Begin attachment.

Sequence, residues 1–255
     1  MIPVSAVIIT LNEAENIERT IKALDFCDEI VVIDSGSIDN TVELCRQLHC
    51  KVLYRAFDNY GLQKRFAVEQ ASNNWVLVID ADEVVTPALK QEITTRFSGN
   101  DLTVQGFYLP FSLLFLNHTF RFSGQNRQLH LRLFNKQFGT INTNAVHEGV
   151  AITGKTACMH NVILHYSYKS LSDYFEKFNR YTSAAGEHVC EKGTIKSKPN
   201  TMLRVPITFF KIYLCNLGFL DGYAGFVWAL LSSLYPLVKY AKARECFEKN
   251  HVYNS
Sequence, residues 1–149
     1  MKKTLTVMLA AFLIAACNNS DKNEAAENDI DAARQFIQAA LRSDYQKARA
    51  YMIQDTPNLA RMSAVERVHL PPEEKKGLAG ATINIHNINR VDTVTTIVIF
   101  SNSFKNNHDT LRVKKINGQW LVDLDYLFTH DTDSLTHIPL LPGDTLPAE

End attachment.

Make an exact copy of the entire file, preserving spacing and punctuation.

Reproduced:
Sequence, residues 1–255
     1  MIPVSAVIIT LNEAENIERT IKALDFCDEI VVIDSGSIDN TVELCRQLHC
    51  KVLYRAFDNY GLQKRFAVEQ ASNNWVLVID ADEVVTPALK QEITTRFSGN
   101  DLTVQGFYLP FSLLFLNHTF RFSGQNRQLH LRLFNKQFGT INTNAVHEGV
   151  AITGKTACMH NVILHYSYKS LSDYFEKFNR YTSAAGEHVC EKGTIKSKPN
   201  TMLRVPITFF KIYLCNLGFL DGYAGFVWAL LSSLYPLVKY AKARECFEKN
   251  HVYNS
Sequence, residues 1–149
     1  MKKTLTVMLA AFLIAACNNS DKNEAAENDI DAARQFIQAA LRSDYQKARA
    51  YMIQDTPNLA RMSAVERVHL PPEEKKGLAG ATINIHNINR VDTVTTIVIF
   101  SNSFKNNHDT LRVKKINGQW LVDLDYLFTH DTDSLTHIPL LPGDTLPAE